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In the last two years, something started to happen that I never expected.

My love of sports began to dwindle.

For six years, I worked towards being a big-time sportswriter. I covered professional sports for a little while, but I decided to take a different path in life.  But like so many in the profession before, the job left me jaded. When people mention athletes that are nice guys, I scoff. When an athlete says, “it’s not just about the money,” I usually roll my eyes and shut off ESPN. With NBA and NFL lockouts this year, all we’ve heard about in sports news are greedy players and the more greedy owners.

My teams did little to keep me interested. The Lakers have been a soap opera and they don’t live up to (albeit sometimes astronomical) expectations. The Dodgers have been an off-field catastrophe of epic proportions over the last couple of years.

My sports flame was beginning to flicker out.

Until last week.

My sports savior came in the form of green and gold in Green Bay, Wisconsin.

My work sent me there for three days and for most people, I would guess that doesn’t sound all that intriguing. For a sports lover like me,  the trip gave me a chance to cross something off on my sports bucket list.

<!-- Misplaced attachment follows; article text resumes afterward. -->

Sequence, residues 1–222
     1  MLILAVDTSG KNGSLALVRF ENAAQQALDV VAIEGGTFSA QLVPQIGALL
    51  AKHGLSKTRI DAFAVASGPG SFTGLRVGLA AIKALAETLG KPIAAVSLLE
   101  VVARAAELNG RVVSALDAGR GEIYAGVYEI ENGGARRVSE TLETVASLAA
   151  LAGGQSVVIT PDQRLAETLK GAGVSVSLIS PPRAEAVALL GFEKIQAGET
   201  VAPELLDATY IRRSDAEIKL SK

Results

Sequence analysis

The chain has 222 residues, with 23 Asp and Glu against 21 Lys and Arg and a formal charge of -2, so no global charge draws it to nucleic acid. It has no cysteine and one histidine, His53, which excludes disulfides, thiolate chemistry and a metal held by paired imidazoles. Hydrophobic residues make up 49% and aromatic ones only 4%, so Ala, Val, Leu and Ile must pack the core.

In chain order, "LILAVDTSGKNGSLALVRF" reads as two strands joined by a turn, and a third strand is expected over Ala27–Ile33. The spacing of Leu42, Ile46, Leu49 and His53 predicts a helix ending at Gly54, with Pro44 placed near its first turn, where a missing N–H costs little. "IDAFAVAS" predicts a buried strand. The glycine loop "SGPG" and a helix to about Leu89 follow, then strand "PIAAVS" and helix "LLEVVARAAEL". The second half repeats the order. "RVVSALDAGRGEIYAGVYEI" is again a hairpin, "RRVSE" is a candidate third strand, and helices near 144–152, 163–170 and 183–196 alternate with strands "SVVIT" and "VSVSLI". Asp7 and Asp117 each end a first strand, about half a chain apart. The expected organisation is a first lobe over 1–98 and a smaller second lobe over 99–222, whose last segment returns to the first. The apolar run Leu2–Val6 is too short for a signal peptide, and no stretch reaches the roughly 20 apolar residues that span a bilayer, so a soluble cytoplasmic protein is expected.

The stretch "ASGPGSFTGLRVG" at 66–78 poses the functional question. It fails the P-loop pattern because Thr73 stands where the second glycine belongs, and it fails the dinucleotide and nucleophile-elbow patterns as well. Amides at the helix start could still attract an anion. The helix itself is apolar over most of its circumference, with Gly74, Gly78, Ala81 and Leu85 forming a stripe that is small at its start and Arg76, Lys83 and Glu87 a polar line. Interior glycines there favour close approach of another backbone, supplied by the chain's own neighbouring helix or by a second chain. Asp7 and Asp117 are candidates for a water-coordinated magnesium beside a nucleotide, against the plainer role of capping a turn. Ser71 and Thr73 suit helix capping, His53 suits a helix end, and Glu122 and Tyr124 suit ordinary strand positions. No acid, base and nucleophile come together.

I traveled to Green Bay with two other men, so when we finished early enough one night to actually enjoy the evening, it wasn’t a hard to convince everyone to swing by Lambeau Field, home of the Green Bay Packers. The hallowed field is located at Lombardi Avenue, obviously.

Mr. Lombardi (in statue form)

The stadium sits in the middle of a neighborhood. Seriously. You look across the street, and it’s houses, including one house that happens to have a giant Lombardi Trophy replica sitting in the front yard.

Driving by the stadium would have been enough for me. What I didn’t know is that we could actually hang out at Lambeau Field. Well, at least in the atrium surrounding the stadium.

From where my colleagues and I were sitting, we watched this unfold down below.

Children wait as patiently as they can (which of course means they look like they might explode with excitement) with their bikes as the players come out from Lambeau. Each player chooses a kid’s bike and rides down the short path to their practice facility. The owner of the bike carries that player’s  helmet and runs alongside.

You’ll find the path  lined with fans, who the players high-five along the way.

It was, undoubtedly, one of the coolest things I have ever seen.

Suddenly, it was easy to remember what drew me to sports in the first place.

At its best, sports creates community. At its best, sports put a smile on a kid’s face. At it’s best, sports give us the chance to appreciate athletic feats that 99% of us cannot have a hope of physically doing.

So thanks Green Bay. Thanks for the reminder that sports isn’t just about ugly divorces and overblown contracts.

Sometimes it’s just about a bike.  And small town traditions. And the excitement that comes at the start of a new season.

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